A cockled paper sheet has lost its planarity because small (5 – 50 mm) randomly spaced areas have bent out of the plane of the paper. The variation in surface height is usually only of the order of one millimeter. Cockling is related to the hygroexpansivity and small-scale inhomogeneity of paper, and is a problem mainly with some lightweight papers and with copying papers.
In this study, cockling is analysed theoretically using the finite element method. The results suggest that cockling is caused by local inhomogeneity in the two-sidedness of paper. Small-scale variation in the fiber orientation angle is especially detrimental in this respect. Large variations in in-plane contraction can also cause paper to buckle. The intensity of cockling increases with decreasing paper thickness. The cockles become more oval as the fibre orientation gets stronger.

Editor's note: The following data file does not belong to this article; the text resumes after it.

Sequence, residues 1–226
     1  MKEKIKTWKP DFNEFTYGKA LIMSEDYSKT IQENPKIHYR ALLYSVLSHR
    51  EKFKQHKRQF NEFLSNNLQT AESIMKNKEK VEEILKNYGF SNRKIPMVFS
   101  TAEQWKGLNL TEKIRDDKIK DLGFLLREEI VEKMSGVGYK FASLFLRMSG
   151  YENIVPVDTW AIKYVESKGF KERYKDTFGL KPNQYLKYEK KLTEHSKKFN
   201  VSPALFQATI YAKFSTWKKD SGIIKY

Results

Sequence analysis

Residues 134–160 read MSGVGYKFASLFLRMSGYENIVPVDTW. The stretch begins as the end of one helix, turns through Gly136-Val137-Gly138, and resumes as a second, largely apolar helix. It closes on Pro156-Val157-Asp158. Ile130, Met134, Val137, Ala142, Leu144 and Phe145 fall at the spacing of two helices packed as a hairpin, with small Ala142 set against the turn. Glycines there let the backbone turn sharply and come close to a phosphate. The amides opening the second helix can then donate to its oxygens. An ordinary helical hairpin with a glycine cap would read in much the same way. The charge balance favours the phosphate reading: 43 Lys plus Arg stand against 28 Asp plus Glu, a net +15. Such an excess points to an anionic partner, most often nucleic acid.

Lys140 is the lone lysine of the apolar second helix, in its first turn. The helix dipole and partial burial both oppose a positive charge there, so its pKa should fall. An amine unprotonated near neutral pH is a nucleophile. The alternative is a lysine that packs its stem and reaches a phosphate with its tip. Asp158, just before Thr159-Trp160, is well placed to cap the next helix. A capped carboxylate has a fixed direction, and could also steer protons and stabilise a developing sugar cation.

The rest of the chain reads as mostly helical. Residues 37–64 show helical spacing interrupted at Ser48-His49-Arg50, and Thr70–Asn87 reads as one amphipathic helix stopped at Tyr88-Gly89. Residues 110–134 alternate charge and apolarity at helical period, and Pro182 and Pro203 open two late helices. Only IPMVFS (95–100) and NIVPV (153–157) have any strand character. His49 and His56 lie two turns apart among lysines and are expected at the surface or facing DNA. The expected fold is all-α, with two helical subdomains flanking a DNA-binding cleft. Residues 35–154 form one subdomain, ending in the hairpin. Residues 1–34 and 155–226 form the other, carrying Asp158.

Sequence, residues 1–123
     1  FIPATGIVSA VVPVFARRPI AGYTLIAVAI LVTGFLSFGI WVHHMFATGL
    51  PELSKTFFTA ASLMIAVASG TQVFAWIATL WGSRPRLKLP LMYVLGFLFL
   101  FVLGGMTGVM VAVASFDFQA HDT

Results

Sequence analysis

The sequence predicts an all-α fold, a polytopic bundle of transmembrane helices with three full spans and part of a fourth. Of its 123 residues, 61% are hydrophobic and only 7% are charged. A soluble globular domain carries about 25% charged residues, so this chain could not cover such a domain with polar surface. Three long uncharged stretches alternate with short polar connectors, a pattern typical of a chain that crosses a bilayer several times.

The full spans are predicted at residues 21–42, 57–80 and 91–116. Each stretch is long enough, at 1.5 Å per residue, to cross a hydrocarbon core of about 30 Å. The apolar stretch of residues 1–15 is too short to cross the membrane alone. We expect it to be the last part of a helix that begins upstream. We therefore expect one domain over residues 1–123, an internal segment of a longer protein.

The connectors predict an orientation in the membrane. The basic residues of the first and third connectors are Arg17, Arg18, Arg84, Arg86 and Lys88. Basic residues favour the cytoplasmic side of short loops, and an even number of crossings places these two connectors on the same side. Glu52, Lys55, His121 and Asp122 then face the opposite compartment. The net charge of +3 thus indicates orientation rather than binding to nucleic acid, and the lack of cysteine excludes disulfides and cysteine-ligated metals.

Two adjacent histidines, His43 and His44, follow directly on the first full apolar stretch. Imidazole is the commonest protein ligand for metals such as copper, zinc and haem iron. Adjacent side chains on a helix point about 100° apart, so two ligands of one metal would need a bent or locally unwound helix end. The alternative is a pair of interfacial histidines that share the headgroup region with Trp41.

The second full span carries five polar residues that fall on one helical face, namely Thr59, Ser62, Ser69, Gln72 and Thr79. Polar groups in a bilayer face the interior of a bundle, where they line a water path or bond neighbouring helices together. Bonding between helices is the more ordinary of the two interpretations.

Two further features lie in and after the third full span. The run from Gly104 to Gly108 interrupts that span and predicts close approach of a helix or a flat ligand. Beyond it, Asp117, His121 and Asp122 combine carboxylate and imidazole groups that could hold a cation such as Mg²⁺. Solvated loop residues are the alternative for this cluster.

The conclusions of the theoretical analysis are supported by experiment. With high basis weight papers, the local fibre orientation of the top side was found to be almost independent of that of the bottom side. Thus, two-sidedness varies considerably on the small length scale, and this allows local curling to take place. At low basis weights the top and bottom sides are no longer independent, which offsets the amplifying effect of smaller thickness.